AVIATION - the archive of George Carter, letters, autographs, documents, manuscripts

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AVIATION - the archive of George Carter


[Wilfred] George Carter (1889-1969) was the chief engineer of the Gloster Aircraft Company (formerly Gloucestershire) from 1937 and is principally remembered as the designer of the experimental aircraft, number E28/39, to carry Frank Whittle's jet engine, although he had already designed 'a string of innovative aircraft, not just for Gloster but for Sopwith, Hawker, Shorts, de Havilland and Avro too' [Jet Pioneers, Gloster and the Birth of the Jet Engine, by Tim Kershaw, which gives the only comprehensive account of Carter's life and career]. The E28/39 was the first British and Allied jet aircraft to fly when it left the ground (unofficially) at Brockworth in Gloucestershire on 8 April 1941; the first official flight following at RAF Cranwell a week later. Carter went on to design the twin-engined Gloster Meteor, the first Allied operational jet aircraft of the Second World War and the Javelin, Gloster's last aircraft to enter production.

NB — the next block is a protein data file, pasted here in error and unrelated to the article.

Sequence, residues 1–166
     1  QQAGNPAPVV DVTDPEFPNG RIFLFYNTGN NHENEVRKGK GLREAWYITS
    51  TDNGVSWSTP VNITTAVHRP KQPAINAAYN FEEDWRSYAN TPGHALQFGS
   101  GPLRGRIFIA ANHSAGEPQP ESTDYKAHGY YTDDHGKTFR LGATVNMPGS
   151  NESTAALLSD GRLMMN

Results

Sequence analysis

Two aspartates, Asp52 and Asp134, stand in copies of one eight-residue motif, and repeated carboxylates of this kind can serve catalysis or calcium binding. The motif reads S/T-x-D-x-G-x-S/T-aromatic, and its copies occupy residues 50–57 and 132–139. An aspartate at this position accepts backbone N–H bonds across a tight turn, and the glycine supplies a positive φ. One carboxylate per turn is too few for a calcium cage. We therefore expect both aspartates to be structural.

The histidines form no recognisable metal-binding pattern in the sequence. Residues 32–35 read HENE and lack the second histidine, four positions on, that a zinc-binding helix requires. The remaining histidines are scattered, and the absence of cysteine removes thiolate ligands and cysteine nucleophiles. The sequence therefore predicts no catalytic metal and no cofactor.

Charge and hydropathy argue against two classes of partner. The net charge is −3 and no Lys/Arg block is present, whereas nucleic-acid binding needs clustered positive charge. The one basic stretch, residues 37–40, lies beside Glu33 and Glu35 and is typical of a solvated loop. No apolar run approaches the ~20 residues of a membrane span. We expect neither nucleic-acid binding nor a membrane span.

'Whittle's achievement as the inventor and developer of the jet engine has overshadowed that of the man who designed the airframe which first took Whittle's invention into the skies. It has been suggested that any of a number of designers could have come up with something suitable, but Carter's achievement was greater than that. The recognition he has received has been modest, in keeping with his character. ... His honours were few and his fame slight. He deserves more.' [Jet Pioneers, p. 65]

Sir Frank Whittle (1907-1996, inventor of the jet engine): ALS ('Frank') to Carter, 1 page small 4to, Steepway, Broom Close, Esher, Surrey, 16 August 1957. Written on the occasion of Carter's retirement:
'At long last the job which was promised you for life has terminated.
'I have enjoyed every day of our association together and wish you every happiness for the future.'